JEFF Radebe does not go as far as Bill Clinton's 1992 US presidential campaign payoff line, "It's the economy, stupid", but the message by the African National Congress's (ANC's) head of policy is similar: economic policy must be the focus of the party's members.
For the ANC, the challenges are steep. There are cries for freedom, also from hunger, and not just for voting rights.
Mr Radebe said the party simply had to listen to the cries of the poor who are increasingly taking to the streets over delivery.
The ANC policy conference next week will review old policies and discuss a new batch. In the past two years, there have been calls for drastic policies to be adopted. Some want the state to own and even run mines, while others would like the country's constitution to be changed to allow the state to quickly distribute land.
The conservative element in the ANC has opposed calls for the state to take over mines, a position supported by an independent report that has suggested a number of alternatives to "headline nationalisation".
These include a 50% resource rent tax on higher than normal returns on investment.
"(The) ANC will do what is right and we cannot prejudge that issue," Mr Radebe said.
He said also that mining was naturally at the centre of the ANC's policy discussions. However, some within the party use calls for socio-economic change as a way to battle leadership fights, because the ANC has put a lid on talk about its leadership elections in December. As a result, structures use policy to battle for dominance in a proxy war.
Mr Radebe said a paradigm shift in policy discourse was required in the ANC. This was captured in the strategy and tactics document dubbed "the second transition".
The message in the document is for the ANC to go up a notch in improving the economic situation. Reconciliation and the introduction of democracy were the focus of the first two decades of democracy.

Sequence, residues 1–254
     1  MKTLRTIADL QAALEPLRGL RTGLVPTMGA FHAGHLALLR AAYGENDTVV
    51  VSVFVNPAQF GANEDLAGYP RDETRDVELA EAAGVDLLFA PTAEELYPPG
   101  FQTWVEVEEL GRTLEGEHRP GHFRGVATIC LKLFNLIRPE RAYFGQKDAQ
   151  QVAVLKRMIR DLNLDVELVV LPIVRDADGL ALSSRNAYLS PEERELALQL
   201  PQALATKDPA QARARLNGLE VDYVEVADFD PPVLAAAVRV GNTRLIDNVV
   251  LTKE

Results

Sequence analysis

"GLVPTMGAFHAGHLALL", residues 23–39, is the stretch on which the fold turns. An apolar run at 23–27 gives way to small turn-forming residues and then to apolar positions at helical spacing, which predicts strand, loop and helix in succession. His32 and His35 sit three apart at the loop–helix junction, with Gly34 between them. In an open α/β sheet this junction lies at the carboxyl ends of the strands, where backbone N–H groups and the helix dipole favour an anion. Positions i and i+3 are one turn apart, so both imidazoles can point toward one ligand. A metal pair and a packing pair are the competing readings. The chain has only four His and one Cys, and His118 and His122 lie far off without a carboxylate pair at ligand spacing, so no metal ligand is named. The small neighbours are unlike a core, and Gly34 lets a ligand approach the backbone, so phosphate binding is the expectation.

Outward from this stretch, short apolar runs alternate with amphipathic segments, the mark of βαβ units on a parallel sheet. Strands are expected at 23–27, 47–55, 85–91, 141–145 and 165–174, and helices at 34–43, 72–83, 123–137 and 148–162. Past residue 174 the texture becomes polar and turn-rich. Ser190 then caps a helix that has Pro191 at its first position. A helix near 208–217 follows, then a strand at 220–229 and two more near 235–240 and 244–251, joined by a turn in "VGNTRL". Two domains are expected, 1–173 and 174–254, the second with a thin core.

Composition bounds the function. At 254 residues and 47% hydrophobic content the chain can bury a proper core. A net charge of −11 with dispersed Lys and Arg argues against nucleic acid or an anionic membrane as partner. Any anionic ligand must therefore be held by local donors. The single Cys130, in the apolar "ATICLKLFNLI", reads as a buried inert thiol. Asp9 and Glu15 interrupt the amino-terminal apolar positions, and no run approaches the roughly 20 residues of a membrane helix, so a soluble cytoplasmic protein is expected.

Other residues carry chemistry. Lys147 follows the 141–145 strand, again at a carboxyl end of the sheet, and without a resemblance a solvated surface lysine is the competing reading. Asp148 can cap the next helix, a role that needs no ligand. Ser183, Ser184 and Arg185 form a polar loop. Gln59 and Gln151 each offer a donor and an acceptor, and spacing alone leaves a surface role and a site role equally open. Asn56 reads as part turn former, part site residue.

The document has been criticised as populist policy that should be kicked into touch. Early drafts called for changes to the constitution, as it was seen to be blocking social transformation. However, that raised concern among opposition parties and civil society, which feared plans to fiddle with the constitution were the ANC's way to entrench itself.
One of the critics of the document is the ANC's second-in-command, Deputy President Kgalema Motlanthe. He took it apart last week as a "smattering of Marxist jargon".
Mr Radebe said the document was a reflection of the mood of ANC members, and society at large, where there were cries for tangible economic change.
He says economic policy - and not just political freedom - should ideally be the main focus of the ANC in the future. However, his dream could be seen as rhetoric, as critics have pointed out that the document lacks the content that would lead to change or a second transition.
Analysts, and some in the ANC too, have warned that the health of the ANC, as a strife-stricken party, will prevent it from implementing any drastic policies.
Mr Radebe said frequent service-delivery protests were a cry for the ANC to speed up economic transformation, hence the need for a second transition. "The ANC government must yield to the cries of our people. There has to be change, which can only come from the economy in the main."
The calls for constitutional changes were not about further entrenching the ANC's rule, he said. Some parts of the constitution impeded the transfer of power from national departments to lower levels, such as municipalities. If the ANC were to empower cities by giving them more responsibility, constitutional changes were necessary.
On the health of the ANC, Mr Radebe said the ANC had to get rid of the "rotten apples" in all its structures. "If the rotten apples are not curtailed, they have the potential of derailing the ANC."